More ethnic children go to school: study hinh anh 1Nguyen Thi Nghia, Deputy Minister of Educaiton and Training, delivers a speech at the study launching ceremony ​(Source: VNA)

Hanoi (VNA) - The number of out-of-school children aged from five to 14 has fallen significantly, particularly among five-year-old pre-primary children.

This was one of the main findings of the Out-of-school Children: Vietnam Country Study 2016 released on January 23 by the Ministry of Education and Training (MOET) and the United Nations Children’s Fund (UNICEF).

According to the study, the percentage of ethnic children who have never attended school or who dropped out in 2014 was significantly lower than in 2009. The Khmer and the Mong made significant progress over the five-year period, but they still had the highest out-of-school rates of all the ethnic groups.

The study also showed a large disparity in the out-of-school rates for the poorest and the richest households. The difference increased with the level of education. For five-year-olds, the percentage of out-of-school children from the poorest households was three times higher than those from the richest households. This difference increased to 5.5 times higher for children of primary school age and 10 times higher for the children of lower secondary school age.

Children of primary and lower secondary school age in rural areas were more disadvantaged than those in urban areas in all regions, especially children in the rural parts of the mountainous Northern Midlands and the Central Highlands.  Migrant groups consistently perform worse than non-migrant groups and the difference also increases with age.

Migrant families have a higher rate of out-of-school children than non-migrant families, specifically 1.2 times at the age of five, 1.6 times at primary school age and 1.7 times at lower secondary age.

The study analyses barriers and bottlenecks from both the demand side – children and their parents - and the supply side, including the education system as well as other related agencies at all levels.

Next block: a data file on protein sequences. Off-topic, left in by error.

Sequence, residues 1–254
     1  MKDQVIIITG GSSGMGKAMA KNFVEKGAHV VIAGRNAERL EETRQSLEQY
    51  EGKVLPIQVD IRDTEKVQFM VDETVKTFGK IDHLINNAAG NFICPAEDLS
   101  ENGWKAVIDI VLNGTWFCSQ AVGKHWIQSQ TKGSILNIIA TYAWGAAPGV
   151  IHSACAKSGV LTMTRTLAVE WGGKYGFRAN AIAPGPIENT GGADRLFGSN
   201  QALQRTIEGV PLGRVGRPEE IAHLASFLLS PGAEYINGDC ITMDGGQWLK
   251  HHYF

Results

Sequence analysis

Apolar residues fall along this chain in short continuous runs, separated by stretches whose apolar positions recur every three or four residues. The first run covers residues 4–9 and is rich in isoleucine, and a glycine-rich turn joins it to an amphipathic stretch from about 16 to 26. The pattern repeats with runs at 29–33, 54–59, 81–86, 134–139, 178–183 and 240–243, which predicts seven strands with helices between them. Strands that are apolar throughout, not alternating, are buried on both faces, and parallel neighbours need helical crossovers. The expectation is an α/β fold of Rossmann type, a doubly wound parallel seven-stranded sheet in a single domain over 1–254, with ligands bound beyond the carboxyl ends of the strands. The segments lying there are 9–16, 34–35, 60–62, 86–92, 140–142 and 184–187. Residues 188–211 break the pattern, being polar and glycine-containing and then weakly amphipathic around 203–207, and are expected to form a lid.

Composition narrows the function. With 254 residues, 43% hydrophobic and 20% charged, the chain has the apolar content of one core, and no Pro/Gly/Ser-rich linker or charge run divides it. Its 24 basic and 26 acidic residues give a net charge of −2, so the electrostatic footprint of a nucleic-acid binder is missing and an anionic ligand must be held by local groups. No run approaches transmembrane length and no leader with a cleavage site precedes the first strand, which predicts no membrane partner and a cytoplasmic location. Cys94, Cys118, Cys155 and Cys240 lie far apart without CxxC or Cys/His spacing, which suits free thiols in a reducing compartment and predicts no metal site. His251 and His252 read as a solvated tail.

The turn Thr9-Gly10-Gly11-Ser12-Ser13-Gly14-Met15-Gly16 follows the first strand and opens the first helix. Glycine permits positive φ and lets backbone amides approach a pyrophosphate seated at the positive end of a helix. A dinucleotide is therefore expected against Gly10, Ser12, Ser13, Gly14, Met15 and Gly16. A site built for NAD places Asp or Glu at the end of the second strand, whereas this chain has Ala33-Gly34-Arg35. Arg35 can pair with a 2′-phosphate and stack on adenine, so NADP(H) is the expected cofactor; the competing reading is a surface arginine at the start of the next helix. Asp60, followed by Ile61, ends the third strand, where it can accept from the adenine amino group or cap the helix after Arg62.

Demand-side economic barriers were associated with poverty which restricted affordability of education. Supply-side barriers concern bottlenecks related to infrastructure and resources, teachers, education management and other systemic issues, such as learning programme, data system, governance, capacity and financing mechanism.

Nguyen Thi Nghia, Deputy Minister of Education and Training, said Vietnam has made significant progress in universalisation of primary and lower secondary education and has achieved Millennium Development Goals in education. The country is committed to the Sustainable Development Goals in Education.

She said in this context, the report provided evidence that helped improve policy, legislation and education management to overcome the barriers and ensure that the right to education was realised for all children.

Yoshimi Nishino, UNICEF Vietnam acting deputy representative, said: “Given the disparities that remain, I strongly encourage the Ministry of Education and Training, provincial Departments of Education and Training, related ministries and development partners to make the best use of this valuable dataset and to translate the analysis into critical policy revisions.”

The report recommends that more supportive policies should be implemented for poor students, ethnic minority students and concerned agencies should create good conditions for migrant ones.

It said the system of kindergartens and primary schools should be expanded in poor remote areas. 

Issues related to children should be incorporated into socio-economic development plans from the central to grassroots levels.

The report utilised the data from the Intercensal Population and Housing Survey 2014 as the single source of data. The report provides a national analysis with more in-depth analysis for six provinces, including Lao Cai, Ninh Thuan, Kon Tum, HCM City, Dong Thap and An Giang.-VNA